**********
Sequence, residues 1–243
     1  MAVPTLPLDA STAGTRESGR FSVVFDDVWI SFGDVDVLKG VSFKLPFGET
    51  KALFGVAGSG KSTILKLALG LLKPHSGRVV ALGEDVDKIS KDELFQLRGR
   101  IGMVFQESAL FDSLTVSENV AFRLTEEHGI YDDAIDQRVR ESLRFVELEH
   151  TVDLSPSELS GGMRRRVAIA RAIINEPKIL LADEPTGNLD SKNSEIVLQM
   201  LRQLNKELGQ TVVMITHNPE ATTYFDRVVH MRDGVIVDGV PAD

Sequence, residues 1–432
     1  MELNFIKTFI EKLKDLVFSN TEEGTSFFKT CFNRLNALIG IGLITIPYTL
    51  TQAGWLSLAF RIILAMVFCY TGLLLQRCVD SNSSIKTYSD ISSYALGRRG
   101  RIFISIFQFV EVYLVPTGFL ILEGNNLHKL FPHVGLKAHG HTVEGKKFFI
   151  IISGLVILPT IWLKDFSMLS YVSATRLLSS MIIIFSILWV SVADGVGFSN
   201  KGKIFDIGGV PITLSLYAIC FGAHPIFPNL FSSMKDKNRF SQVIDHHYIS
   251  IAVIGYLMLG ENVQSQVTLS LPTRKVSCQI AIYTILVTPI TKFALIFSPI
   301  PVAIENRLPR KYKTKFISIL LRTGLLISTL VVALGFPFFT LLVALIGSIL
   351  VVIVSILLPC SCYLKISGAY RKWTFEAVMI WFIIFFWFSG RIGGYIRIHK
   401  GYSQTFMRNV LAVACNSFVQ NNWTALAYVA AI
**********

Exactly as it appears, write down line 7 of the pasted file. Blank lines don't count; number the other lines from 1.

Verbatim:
Sequence, residues 1–432